Cleaning The Kitchen Naturally
Recently Lynne posted a homemade and natural way to clean your sink. So, based on the fact that I seem to be the person she knows that uses the most homemade cleaners, I was asked to write a post or two (or three) about natural cleaning products.
I have not always used natural cleaners and, like many of you my think, I thought that without Clorox something could not be cleaned. Of course, I was wrong. Three years ago when my son was born, my loving parents made me throw out all my nasty, harsh, chemical cleaners in favor of the Seventh Generation “natural” brand. Seventh Generation is a wonderful brand and far more natural than Mr. Clean; however, because of the USDA organic guidelines not being as strict as they should be, it is still not as natural as making your own cleaners. Plus it costs an arm and leg with hardly any coupons available.
When I started thinking about what I would do if my son got a hold of one of those cleaning bottles, I completely freaked out and immediately started researching how to make my own stuff. I did not want to have to think about what chemicals accidentally got on – – or worse IN – my child. I now use my own homemade natural products for everything cleaning wise. By “natural” I mean that I use nothing that can be found on the cleaning aisle except Murphy’s Oil, washing soda and Borax as each of these are naturally derived products.
To aid you in your natural cleaning experience, I thought I would start with a room that most of the ingredients can be found, the kitchen. I have two cleaners that get used in my kitchen the most: my all-purpose cleaner and a disinfectant. I have tried a myriad of other things but these two are tried and true in my house. Here are the “recipes.”
All-Purpose Cleaner: Soak some orange peels in white vinegar for 2 weeks (I usually use two-three oranges and a 1.5 cups of vinegar). After soaking, add 1 cup of water, 1 cup of white vinegar, 1 tablespoon of baking soda. Add essential oil of choice. Place all ingredients in a spray bottle.
Disinfectant: Mix 2 cups of hot water, 2 tablespoons of white vinegar, and 1 teaspoon of Borax (I know this isn’t usually found in your kitchen cabinets but go ahead and get some you will need it to make your own laundry detergent). Add essential oil of your choice . Place all ingredients in a spray bottle.
If you are a fan of Clorox disinfectant wipes, you can make those too! Just get some old shirts, take some scissors to them, put them in a air tight container (I use an old baby wipes box) and add 1 cup of water, ½ teaspoon of liquid castile soap, and essential oil of choice.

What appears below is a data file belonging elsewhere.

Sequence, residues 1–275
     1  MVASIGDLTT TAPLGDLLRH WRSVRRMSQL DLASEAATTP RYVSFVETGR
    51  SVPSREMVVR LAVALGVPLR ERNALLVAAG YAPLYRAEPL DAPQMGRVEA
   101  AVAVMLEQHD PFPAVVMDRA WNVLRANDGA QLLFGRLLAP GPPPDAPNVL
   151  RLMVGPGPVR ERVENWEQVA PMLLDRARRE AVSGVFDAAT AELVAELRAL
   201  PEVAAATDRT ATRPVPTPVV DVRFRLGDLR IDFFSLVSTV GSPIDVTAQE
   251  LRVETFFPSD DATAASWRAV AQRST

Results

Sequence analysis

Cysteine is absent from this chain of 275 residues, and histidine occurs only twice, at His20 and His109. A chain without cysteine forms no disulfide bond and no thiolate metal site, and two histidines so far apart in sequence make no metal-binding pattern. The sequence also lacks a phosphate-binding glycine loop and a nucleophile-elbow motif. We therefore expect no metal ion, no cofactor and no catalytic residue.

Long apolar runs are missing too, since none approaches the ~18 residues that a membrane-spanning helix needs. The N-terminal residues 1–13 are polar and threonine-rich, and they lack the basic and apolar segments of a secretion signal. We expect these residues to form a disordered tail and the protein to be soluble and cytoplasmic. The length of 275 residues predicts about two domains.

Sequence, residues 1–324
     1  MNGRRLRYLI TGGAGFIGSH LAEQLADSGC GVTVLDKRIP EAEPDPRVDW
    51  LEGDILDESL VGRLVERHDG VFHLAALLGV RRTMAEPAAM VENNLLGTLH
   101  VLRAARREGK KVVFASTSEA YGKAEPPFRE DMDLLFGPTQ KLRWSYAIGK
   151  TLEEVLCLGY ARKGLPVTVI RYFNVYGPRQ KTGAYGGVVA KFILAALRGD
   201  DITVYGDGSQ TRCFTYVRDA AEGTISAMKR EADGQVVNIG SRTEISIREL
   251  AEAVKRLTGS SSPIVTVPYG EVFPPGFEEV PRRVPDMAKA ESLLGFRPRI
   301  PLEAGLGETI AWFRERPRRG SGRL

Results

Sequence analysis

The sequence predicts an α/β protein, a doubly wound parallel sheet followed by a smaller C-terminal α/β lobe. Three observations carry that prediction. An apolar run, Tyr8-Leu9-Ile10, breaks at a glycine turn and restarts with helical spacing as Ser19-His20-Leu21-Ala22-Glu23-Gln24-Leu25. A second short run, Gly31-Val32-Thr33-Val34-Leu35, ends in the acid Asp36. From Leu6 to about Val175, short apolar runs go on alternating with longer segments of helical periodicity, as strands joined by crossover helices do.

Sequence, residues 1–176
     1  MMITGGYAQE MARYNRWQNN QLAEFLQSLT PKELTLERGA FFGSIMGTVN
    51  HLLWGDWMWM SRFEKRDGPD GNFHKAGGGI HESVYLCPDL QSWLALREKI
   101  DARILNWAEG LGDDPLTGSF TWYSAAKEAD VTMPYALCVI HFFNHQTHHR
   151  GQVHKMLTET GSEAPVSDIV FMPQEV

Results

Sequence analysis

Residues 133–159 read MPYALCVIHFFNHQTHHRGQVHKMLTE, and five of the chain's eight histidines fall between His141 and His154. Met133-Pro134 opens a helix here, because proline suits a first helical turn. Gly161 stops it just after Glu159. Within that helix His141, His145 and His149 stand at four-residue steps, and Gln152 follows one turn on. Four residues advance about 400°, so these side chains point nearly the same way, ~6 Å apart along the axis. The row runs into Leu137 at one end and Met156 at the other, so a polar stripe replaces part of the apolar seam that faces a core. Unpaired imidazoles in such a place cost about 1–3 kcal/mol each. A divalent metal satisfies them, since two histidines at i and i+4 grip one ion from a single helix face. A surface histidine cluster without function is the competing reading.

I also make my own dish liquid. I don’t have a dish washer, so I haven’t researched a good homemade recipe for that.
Homemade Dish Liquid: 1 bar of castile soap (Kirk’s Original is the best and you can find it usually on the bottom shelf of the soap aisle ( it is coconut oil soap thus meeting my natural requirement.), 1 tablespoon of washing soda (once again this is an item you need to make your own laundry detergent), 1 cup of white vinegar, roughly 1 gallon of water, and 20 drops of the essential oil of your choice. Grate your bar of soap. Add grated soap and ½ gallon of water to large pot and heat until the soap is melted. Do not boil the liquid. Add washing soda and stir until it dissolves. Add vinegar, essential oil, rest of water which is about 1 cup less than a ½ gallon. Allow the mixture to cool and transfer it to a container. I usually use an old milk jug for storing it. Allow it to cure one day before using. Take an old dish liquid container and add your homemade stuff to it. Remember to shake before each use. Don’t be alarmed if it doesn’t bubble up as it shouldn’t. If you find too much of a soapy residue on your dishes, add more vinegar to your soap.
A quick word about essential oils since I mentioned them in all my recipes. Essential oils have anti-fungal, antibacterial, and antiviral properties. You can make all of these kitchen cleaners without them but they won’t have that extra cleaning whammy or the nice smell of the oils. For my oils, I personally use DoTerra products as their oils are “therapeutic grade,” meaning they can be used aromatically, topically, or internally. Most essential oil brands state on their label that they are for aromatic use only which doesn’t solve the problem of what happens if the cleaners get on or in my child. (If you are interested in finding DoTerra oils you can contact me and I will gladly hook you up with some of your own.)
Next week I will go over the scary bathroom.